Top of Mind: Lydia Shire, Extended Version

Boston‘s J. L. Johnson: When we talk about dining in Boston, the thing that’s been in all the papers, and that I’m sure you’ve discussed with other chefs—or maybe not, maybe it’s overblown—is how the economy is affecting the restaurant scene here?

[sidebar]Lydia Shire: Oh, I think it’s affected restaurants, some more so than others. For instance, I would say that Scampo, here, has been least affected, but that’s because we’re a new kid on the block. …My other restaurant, Locke-Ober, is definitely battling the effects of the location it’s in, Downtown Crossing, and the fact that a large part of our customer base is the businessmen downtown. The Financial District. Many of the financial institutions have reined in their spending, so we see it at Locke-Ober in banquet sales, etc.

…But, all in all, I’m at Locke-Ober the same amount that I’m here [at Scampo]. When people come into Locke-Ober, they’re there for a reason—because they have great memories of the space. It means something to them that this grand Boston institution has been kept alive.

To me, having multiple restaurants is like having children: They’re all different but you love them equally. Sometimes one might hit a bump in the road, but usually they all come back. So we have some plans for Locke-Ober to help it over its bump right now.

JLJ: The lunches at Locke-Ober haven’t come back yet, have they?

LS: Not yet. We just went through Restaurant Week for two weeks, lunch and dinner. Every lunch was over 120 people each day. So the people are out there and they want to come, but they want more value. They can’t be hit with a big check at the end. …So, yes, we’re thinking about redoing a new kind of menu, doing some improvements in the dining room, putting in a new floor. It’s going to be really very exciting for us.

…Locke-Ober is close to what’s important in Boston history. I just could never even imagine that restaurant closing— especially, I would say, not on my watch. It’s just too great and grand an institution.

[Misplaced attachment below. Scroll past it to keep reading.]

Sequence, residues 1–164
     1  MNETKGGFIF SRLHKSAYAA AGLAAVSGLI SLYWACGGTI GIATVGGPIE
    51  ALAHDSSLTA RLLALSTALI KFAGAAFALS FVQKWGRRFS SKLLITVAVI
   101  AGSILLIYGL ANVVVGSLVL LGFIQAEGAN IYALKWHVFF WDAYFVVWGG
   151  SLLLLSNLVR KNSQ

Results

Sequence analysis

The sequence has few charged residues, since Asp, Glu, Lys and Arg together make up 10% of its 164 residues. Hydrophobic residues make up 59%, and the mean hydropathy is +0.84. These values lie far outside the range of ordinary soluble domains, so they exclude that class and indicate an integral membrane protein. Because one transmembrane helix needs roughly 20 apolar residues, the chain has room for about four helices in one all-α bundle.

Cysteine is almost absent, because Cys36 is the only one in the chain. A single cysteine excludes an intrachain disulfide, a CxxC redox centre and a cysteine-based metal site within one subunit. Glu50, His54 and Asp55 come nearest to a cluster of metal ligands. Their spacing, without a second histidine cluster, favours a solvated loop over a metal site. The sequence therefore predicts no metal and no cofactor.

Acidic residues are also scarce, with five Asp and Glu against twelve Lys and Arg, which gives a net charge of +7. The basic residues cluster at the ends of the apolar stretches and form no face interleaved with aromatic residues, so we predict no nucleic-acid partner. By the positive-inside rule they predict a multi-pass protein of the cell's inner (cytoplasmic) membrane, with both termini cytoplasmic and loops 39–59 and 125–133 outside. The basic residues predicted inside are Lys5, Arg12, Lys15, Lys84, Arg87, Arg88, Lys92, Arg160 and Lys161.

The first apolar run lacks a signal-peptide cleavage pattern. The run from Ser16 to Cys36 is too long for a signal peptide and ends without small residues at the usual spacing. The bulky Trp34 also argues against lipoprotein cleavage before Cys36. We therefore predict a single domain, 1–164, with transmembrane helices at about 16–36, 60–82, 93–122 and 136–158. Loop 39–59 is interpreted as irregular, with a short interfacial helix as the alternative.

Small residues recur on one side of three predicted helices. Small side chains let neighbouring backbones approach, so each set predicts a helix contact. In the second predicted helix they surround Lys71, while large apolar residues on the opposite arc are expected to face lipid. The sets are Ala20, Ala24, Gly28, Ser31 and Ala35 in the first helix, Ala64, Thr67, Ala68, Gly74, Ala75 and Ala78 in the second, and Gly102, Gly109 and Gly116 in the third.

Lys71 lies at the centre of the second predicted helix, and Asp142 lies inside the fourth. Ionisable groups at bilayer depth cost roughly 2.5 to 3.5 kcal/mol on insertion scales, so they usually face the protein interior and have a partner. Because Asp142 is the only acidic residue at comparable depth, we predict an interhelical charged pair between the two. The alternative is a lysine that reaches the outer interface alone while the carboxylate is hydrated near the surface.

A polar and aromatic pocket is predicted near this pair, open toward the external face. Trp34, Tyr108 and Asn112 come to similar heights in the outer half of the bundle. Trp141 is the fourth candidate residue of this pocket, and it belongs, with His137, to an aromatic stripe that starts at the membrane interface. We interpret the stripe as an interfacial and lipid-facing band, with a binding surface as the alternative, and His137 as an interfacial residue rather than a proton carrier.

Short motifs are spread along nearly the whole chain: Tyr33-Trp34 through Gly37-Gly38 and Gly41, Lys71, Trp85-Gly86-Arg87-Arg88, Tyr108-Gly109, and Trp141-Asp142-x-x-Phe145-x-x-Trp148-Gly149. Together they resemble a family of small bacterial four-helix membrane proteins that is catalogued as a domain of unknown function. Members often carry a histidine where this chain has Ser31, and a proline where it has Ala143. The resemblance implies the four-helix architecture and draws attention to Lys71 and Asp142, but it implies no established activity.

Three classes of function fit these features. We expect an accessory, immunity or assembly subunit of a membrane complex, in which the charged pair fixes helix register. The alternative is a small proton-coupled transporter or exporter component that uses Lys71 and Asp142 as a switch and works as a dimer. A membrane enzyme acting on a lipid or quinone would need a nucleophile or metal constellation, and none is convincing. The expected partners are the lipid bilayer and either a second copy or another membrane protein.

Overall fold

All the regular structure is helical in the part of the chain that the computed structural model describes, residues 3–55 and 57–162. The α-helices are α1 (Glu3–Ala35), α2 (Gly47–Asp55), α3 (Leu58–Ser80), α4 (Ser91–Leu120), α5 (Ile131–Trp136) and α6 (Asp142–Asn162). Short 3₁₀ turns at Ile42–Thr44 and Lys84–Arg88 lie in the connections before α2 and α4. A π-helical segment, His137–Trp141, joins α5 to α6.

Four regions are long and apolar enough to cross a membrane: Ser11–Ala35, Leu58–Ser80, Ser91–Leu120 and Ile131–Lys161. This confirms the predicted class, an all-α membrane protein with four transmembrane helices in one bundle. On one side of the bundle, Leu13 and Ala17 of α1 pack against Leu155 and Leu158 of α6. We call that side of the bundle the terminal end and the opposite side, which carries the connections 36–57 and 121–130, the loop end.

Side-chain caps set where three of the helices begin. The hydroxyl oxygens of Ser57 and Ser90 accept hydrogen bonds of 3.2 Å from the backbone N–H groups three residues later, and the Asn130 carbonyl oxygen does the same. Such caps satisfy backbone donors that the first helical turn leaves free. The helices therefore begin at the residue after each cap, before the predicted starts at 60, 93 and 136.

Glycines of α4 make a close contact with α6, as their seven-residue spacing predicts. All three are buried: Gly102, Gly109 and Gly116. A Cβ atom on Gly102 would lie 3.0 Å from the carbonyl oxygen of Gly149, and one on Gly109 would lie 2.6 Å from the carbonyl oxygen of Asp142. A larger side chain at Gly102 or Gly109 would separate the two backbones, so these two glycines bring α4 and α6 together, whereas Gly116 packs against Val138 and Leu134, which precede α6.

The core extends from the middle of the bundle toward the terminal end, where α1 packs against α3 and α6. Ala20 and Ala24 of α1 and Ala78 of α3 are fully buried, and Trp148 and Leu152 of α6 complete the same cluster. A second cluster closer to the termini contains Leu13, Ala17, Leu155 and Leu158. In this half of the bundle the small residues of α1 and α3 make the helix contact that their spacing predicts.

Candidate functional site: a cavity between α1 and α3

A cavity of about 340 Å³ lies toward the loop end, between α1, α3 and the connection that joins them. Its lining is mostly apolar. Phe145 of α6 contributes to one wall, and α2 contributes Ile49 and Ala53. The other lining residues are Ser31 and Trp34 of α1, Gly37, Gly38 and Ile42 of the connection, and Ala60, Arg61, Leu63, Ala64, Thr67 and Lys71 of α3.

JLJ: How’s Blue Sky doing?

LS: Blue Sky is really a special restaurant…it’s a beautiful restaurant. I designed it myself, which I’m very proud of. I don’t think there’s ever been anyone who has walked into the space and has not fallen in love with it.

Blue Sky is just fun. Again, I would call it another child. It’s more New England food: lots of lobster on the menu, lots of seafood. We did chicken livers last fall and people loved them. It’s just a quirky kind of thing that you don’t see on menus anymore.

Comfort food.

LS: Yeah, exactly. You know, this recession time, as everybody is calling it, challenges chefs to become a little more creative. We have all these fancy ingredients that we know we can use to wow people at any moment. But how to wow them for $15 or $16 instead of $30 or $40? It’s actually a good challenge.

JLJ: When you were cooking in L.A., you were exposed to a completely different set of diners from the ones you find here. Is there anything that you especially connect with—in terms of the people who are sitting at your tables, or their tastes, or the critics we have here—in Boston?

LS: First of all, I see Bostonians as real eaters. We have four distinct seasons. It’s not like being out in California, when the sun is out almost all year long and people really wouldn’t really want to eat a cassoulet or a beef stew or something like that. People want their skinless, boneless chicken breast. They eat asparagus at Christmas time, things that drive me crazy, but not so in Boston. We’re much more, as I said, real eaters.

…Bostonians are very savvy. They’re smart, they’re experimental; they want to try what you have, if they trust you. And I think, at this point in my life, most people trust me that the dish will be good.